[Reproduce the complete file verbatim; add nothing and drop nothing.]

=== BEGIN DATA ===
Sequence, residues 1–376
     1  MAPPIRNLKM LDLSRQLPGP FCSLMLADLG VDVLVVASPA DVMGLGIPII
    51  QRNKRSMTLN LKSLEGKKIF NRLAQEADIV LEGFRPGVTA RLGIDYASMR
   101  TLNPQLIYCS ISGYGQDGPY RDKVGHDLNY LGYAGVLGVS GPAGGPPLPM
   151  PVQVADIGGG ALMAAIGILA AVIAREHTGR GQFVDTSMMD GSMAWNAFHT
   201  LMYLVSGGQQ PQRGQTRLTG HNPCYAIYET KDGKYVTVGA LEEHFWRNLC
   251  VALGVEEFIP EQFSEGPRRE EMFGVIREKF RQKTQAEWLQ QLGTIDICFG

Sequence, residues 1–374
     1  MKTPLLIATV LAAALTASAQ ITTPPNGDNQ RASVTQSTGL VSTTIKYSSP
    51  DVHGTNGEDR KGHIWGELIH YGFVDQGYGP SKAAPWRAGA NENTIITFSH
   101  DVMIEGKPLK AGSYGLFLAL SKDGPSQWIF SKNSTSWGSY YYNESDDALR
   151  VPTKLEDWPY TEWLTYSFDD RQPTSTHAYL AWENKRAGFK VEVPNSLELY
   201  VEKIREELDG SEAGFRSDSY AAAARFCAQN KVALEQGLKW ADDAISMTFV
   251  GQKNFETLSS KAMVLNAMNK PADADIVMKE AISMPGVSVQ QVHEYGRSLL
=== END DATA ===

Sequence, residues 1–376
     1  MAPPIRNLKM LDLSRQLPGP FCSLMLADLG VDVLVVASPA DVMGLGIPII
    51  QRNKRSMTLN LKSLEGKKIF NRLAQEADIV LEGFRPGVTA RLGIDYASMR
   101  TLNPQLIYCS ISGYGQDGPY RDKVGHDLNY LGYAGVLGVS GPAGGPPLPM
   151  PVQVADIGGG ALMAAIGILA AVIAREHTGR GQFVDTSMMD GSMAWNAFHT
   201  LMYLVSGGQQ PQRGQTRLTG HNPCYAIYET KDGKYVTVGA LEEHFWRNLC
   251  VALGVEEFIP EQFSEGPRRE EMFGVIREKF RQKTQAEWLQ QLGTIDICFG

Sequence, residues 1–374
     1  MKTPLLIATV LAAALTASAQ ITTPPNGDNQ RASVTQSTGL VSTTIKYSSP
    51  DVHGTNGEDR KGHIWGELIH YGFVDQGYGP SKAAPWRAGA NENTIITFSH
   101  DVMIEGKPLK AGSYGLFLAL SKDGPSQWIF SKNSTSWGSY YYNESDDALR
   151  VPTKLEDWPY TEWLTYSFDD RQPTSTHAYL AWENKRAGFK VEVPNSLELY
   201  VEKIREELDG SEAGFRSDSY AAAARFCAQN KVALEQGLKW ADDAISMTFV
   251  GQKNFETLSS KAMVLNAMNK PADADIVMKE AISMPGVSVQ QVHEYGRSLL